The Public Switched Telephone Network (PSTN) switch off is set to bring the country’s longest-standing communication technology to an end.
It’s been long overdue, but what does it mean for your business?
Luckily, Gamma’s Product Marketing Manager Helen Owen has the answers. In our first PSTN switch Off Q&A, we sat down with Helen to find out how the switch off is set to shake up communication as we know it.
Q: Why aren’t more businesses talking about the PSTN switch off?
Helen Owen: The switch off is not widely known outside of the telecoms industry. It was news to me when I joined Gamma a year ago.
It’s likely only those living and working in Salisbury and Mildenhall – whose exchanges have already gone to Stop Sell – are aware of it. As well as those near priority exchanges that have moved to Stop Sell recently and are rapidly counting down to ‘End of Life’.
Since Openreach’s original announcement much of the activity has been happening behind the scenes. Their teams have been getting the infrastructure in place, ready for the move to an All IP future. In the meantime, attention has been drawn towards other significant events such as the global pandemic, Brexit and more recently climate change.
Q: Do you think the PSTN switch off will be discussed more widely going forward?
HO: Yes, I do think this will change as the project gathers momentum. It has to.
We have a key date at the end of 2023. From this point, WLR phone lines will no longer be available nationally for new contracts. The only option available will be an All IP solution.
It’s going to take a coordinated effort from everyone within the telecoms industry and supply chain to make sure that this happens in good time. Otherwise, we’ll end up with chaos when phone lines come to End of Life in 2025.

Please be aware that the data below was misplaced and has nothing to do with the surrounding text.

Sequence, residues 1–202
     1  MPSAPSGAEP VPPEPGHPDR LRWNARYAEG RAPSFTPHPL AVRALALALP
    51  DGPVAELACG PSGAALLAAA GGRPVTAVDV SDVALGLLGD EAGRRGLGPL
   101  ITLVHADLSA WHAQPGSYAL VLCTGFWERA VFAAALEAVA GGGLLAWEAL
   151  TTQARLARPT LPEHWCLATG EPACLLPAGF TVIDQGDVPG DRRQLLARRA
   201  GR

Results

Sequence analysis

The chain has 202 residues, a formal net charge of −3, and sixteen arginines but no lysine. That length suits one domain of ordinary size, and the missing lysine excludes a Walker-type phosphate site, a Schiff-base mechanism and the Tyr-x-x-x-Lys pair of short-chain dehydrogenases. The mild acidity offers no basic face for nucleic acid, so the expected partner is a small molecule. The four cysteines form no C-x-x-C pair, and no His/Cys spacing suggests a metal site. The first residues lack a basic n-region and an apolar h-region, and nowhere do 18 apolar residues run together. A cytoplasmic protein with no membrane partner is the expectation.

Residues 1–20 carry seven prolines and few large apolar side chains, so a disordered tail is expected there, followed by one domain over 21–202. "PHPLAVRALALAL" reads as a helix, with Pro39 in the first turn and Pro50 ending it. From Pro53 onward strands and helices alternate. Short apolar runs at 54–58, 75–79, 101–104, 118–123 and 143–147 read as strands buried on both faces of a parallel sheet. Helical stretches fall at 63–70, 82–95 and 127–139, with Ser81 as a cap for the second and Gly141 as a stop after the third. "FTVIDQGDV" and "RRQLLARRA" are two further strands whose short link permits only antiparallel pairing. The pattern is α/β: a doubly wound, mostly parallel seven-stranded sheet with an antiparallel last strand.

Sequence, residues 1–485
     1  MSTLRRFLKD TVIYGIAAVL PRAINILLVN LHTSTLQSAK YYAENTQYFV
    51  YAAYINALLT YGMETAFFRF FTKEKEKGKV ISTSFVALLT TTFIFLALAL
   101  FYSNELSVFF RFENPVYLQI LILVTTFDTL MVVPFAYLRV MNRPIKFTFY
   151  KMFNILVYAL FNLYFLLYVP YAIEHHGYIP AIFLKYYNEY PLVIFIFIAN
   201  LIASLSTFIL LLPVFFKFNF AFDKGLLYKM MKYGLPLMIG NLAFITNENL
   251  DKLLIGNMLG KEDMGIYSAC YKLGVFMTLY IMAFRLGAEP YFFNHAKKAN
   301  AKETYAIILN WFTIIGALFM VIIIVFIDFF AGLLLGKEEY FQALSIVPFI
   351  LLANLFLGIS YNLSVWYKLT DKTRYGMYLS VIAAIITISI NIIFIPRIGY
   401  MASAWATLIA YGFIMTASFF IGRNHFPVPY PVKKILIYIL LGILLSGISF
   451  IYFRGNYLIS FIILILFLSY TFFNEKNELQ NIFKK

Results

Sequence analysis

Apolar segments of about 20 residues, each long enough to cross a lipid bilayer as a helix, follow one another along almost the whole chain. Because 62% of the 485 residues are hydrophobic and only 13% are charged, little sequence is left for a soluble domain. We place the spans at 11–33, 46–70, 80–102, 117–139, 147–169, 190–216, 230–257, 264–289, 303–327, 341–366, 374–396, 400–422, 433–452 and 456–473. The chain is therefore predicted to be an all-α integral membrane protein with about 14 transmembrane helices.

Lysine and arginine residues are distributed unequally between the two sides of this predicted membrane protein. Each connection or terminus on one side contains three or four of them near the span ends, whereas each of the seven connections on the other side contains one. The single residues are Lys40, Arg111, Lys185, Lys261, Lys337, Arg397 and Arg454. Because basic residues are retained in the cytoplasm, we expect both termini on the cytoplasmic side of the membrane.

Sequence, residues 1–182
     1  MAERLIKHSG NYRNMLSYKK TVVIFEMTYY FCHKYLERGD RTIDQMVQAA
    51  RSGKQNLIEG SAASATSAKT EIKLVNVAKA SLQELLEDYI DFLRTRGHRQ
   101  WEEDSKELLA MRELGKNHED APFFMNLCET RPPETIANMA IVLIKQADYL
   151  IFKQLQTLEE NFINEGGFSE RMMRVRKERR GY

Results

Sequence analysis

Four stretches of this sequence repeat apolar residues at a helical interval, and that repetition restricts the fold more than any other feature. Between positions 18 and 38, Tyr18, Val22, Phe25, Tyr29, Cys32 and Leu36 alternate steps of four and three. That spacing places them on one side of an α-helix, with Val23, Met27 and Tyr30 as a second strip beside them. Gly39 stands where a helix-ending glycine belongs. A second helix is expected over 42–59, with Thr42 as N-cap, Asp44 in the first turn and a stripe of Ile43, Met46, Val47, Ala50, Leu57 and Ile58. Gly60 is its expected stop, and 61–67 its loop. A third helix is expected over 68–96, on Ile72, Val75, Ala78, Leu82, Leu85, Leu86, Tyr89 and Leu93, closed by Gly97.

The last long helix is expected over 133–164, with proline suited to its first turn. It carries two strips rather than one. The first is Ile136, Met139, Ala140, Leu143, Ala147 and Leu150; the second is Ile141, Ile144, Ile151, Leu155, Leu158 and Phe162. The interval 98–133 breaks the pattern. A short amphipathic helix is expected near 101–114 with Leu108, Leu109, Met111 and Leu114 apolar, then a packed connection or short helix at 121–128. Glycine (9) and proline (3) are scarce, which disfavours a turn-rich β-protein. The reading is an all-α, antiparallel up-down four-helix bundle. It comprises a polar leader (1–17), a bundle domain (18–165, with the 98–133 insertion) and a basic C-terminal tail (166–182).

Q: Is the All IP rollout happening at the same time as the PSTN switch off?
HO: I’d say it’s happening in parallel rather than simultaneously. These are two separate activities with two separate timelines.
The switch off is very much controlled by BT and Openreach who own the current copper-based PSTN. A large chunk of the IP network is at the behest of Openreach, but there are other companies involved in rolling out and provisioning fibre.
The switch off can only occur if the All IP network has reached a sufficient level of coverage across the UK. This coverage will ensure businesses and consumers have access to alternative products when the time comes.
Q: Where can businesses go to find out more about the switch off?
HO: There are plenty of resources available online if you search ‘switch off’ or ‘All IP rollout’, but a lot of it is confusing and full of industry jargon.
The Gamma team have created a knowledge hub or ‘one-stop shop’ on our website, dedicated to the PSTN switch off. You can find it under our solutions page titled ‘Landline replacement | PSTN Switch Off’.
We’ve brought together information that’s relevant to businesses of any size – be it micro or multinational. There’s even a map you can search to see when your area is set to be impacted.
The aim is to help people understand what’s happening around the switch off and rollout. We detail how it will affect businesses, the communications they use today and will use tomorrow. It also includes a checklist to help readers determine what solution they should be looking at.
The page is a work in progress. We will continue to update it as project timelines move forward and more information comes in.
Q: What advice would you give to those worried about changes to their telephony infrastructures?
HO: Businesses shouldn’t be worried about the changes, but they shouldn’t put off dealing with them until the last minute. Delaying plans will mean your choices become limited. Find out when your current contract is up for renewal and use this opportunity to speak with your provider about an All IP solution.